Estelle won best newcomer for her radio friendly single but revealed herself to be badly in need of better management, looking ridiculous in an ugly dress and coming across as rather gobby given the chance. The one category that (for me) took away a lot of credibility was the 'best ringtone' award. I don't care how many ringtones are downloaded in the UK each year, those nasty little tunes are not music and I was surprised that Mario Winans was not too embarrassed to actually collect it – I was surprised that he even bothered to turn up! Anita Baker was worthy of a lifetime award though.

As usual, the nominations will not have pleased everyone and yet again they missed the chance to really celebrate smaller artists in favour of the usual 'guns and b1tches' stuff that makes up lots of the MOBO base. Personally I struggle to see why the awards cannot be a bigger event and surround themselves with workshops and promotion events based on UK acts and also events that will encourage the black community rather than constantly peddling the US rapper lifestyle that will never be achieved. Also, if we have to have US acts come across then why not at least use the nominations to give props where it is deserved – instead of another 'guns and gangsta's' rapper, why not throw a bone out for people like Jurassic Five, The Roots, Common, Talib Kweli. People decry the content of hip hop and bringing the likes of these over would challenge that and would show a side of the industry that is about more that booty shaking and gun play. Anyway – I'm a fan of these acts and the lack of UK support for them (while 50 Cent just swaggers his way to a shedload of awards) is discouraging to me. The music was OK at some points but there was a lack of real spark and even Mos Def performing a new song was difficult to get into (although I since have found that this is due to his new album being difficult too). We have plenty of good UK acts (beyond chart friendly hip hop that apes American imports) but other than Jamelia, none of them really got the crowd going.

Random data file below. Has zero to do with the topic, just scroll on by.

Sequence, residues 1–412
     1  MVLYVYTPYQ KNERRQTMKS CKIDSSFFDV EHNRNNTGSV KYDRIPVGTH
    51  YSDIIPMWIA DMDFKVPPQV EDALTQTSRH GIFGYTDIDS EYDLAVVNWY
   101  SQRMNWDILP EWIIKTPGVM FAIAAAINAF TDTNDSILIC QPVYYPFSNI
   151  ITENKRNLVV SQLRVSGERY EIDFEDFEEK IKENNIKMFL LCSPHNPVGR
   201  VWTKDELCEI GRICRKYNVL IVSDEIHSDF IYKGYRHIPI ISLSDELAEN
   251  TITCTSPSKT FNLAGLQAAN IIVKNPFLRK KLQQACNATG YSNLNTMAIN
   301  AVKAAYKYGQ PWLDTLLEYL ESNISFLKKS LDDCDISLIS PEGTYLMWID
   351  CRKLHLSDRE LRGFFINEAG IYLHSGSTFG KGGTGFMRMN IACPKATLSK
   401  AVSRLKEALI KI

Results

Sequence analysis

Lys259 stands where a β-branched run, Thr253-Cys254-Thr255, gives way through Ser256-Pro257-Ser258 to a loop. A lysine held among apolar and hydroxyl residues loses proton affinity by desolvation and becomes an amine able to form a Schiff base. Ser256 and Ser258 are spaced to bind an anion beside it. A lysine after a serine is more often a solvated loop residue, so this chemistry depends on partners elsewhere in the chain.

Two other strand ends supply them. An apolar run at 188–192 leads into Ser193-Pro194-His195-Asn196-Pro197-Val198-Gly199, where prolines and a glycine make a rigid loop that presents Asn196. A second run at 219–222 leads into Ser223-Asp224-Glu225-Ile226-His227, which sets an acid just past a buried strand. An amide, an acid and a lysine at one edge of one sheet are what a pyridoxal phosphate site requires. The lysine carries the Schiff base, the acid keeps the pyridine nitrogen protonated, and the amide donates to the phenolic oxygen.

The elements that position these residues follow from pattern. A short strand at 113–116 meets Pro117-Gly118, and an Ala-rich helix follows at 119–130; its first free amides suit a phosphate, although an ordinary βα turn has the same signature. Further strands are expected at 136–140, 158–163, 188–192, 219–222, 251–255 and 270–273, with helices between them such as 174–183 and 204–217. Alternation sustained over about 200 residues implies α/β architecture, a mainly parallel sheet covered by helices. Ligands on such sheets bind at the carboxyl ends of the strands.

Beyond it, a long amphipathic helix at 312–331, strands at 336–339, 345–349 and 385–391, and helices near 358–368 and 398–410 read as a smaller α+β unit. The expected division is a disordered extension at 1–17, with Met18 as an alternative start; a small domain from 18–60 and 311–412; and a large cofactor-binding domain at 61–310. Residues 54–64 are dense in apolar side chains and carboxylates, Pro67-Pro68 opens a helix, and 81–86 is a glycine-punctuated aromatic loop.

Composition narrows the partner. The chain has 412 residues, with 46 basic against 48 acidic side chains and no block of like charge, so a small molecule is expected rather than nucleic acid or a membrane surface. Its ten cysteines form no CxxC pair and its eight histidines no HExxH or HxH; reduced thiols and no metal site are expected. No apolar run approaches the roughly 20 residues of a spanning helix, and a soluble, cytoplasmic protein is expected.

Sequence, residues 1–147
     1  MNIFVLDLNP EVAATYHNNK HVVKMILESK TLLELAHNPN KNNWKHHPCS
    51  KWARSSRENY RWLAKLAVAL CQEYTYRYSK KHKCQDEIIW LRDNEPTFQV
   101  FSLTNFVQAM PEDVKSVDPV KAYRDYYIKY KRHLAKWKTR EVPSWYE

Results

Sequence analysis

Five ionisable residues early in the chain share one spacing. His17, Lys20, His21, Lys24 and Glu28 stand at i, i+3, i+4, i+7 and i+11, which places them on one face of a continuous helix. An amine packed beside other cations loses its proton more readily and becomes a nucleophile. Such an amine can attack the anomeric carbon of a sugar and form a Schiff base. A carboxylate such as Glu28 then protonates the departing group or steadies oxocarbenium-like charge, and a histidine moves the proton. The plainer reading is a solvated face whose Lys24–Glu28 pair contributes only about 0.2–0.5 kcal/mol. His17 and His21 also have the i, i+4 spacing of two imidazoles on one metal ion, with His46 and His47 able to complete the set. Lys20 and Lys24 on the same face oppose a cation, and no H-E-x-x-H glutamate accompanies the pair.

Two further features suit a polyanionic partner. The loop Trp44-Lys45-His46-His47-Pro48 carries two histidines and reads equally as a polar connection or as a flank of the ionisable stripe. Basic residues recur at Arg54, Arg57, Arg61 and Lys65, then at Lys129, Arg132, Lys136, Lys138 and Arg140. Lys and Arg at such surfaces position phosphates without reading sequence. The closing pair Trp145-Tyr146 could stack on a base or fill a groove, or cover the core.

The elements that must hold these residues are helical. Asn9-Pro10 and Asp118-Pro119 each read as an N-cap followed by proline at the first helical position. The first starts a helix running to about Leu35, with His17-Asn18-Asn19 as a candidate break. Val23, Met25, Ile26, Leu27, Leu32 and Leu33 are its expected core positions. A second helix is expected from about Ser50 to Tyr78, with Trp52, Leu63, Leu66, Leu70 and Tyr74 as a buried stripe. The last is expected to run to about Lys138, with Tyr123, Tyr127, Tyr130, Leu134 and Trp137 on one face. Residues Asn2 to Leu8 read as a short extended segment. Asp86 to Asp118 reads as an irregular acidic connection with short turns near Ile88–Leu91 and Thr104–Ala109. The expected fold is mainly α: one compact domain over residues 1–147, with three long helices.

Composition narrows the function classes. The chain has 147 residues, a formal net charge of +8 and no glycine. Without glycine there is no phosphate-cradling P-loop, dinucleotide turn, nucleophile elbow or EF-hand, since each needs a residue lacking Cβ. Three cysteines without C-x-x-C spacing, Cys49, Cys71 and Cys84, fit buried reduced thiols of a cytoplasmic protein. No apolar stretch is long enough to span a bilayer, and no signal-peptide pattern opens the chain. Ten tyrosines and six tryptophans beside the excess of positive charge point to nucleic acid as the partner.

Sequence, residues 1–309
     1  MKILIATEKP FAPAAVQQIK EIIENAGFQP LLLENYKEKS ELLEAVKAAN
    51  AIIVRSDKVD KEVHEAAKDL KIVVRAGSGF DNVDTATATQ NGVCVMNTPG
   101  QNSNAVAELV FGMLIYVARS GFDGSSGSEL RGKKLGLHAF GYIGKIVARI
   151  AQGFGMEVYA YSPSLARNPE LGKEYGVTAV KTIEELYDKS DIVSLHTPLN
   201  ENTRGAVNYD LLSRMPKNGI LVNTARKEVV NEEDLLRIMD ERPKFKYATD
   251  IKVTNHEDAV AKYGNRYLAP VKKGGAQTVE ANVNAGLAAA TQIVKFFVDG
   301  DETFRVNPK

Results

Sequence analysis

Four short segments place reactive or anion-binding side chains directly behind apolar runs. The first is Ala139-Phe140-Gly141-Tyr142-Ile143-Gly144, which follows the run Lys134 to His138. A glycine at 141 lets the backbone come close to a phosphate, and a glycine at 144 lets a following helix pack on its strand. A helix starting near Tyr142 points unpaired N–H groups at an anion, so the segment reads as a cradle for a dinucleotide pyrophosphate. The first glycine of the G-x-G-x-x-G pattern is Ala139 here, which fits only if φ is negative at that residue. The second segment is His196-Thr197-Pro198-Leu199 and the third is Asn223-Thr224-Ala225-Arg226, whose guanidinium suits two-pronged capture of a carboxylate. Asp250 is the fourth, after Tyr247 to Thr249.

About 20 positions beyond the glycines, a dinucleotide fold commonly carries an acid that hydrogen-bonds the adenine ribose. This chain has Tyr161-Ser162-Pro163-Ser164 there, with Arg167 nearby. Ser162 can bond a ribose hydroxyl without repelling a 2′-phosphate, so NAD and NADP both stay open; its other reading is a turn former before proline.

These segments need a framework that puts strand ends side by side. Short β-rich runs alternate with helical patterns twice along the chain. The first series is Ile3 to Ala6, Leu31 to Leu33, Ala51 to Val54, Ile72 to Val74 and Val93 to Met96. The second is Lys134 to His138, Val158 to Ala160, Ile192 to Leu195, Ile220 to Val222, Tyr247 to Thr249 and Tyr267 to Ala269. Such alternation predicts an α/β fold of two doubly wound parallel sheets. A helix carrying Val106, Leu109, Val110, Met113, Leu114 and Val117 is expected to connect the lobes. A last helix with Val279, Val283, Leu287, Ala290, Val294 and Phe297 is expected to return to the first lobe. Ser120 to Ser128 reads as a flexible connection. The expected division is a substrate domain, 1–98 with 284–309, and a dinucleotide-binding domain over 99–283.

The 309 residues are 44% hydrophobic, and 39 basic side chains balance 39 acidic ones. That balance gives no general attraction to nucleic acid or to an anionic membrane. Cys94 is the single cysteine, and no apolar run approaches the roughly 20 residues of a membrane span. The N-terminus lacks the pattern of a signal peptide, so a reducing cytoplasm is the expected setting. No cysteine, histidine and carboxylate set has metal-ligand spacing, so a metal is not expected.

Overall this was a poor ceremony that was more about the problems within the scene than the music itself. The MOBO's tried to deal with Outrage the best they could and generally they made the right choices within the minor influence they have, but it was the failure of the artists and other acts themselves to stand up and make their opinions known that really hurt. No artist really came out in support of Outrage, perhaps because they feared being labeled 'gay' and losing audience (trust me – there aren't many gay dance hall artists!) but just as many just tried to avoid it when really we need role-models to come out against any sort of bigotry or actions that incite intolerance or violence against minority groups – be they racial or sexual. 2005 needs a fuller approach that will present a more encouraging and uplifting image of music of black origin and also have more winners who actually turn up. West was the big artist of 2004 and it really hurt the ceremony that he wasn't there – that plus everything else just meant that the ceremony was less of an award and more of a salvage job!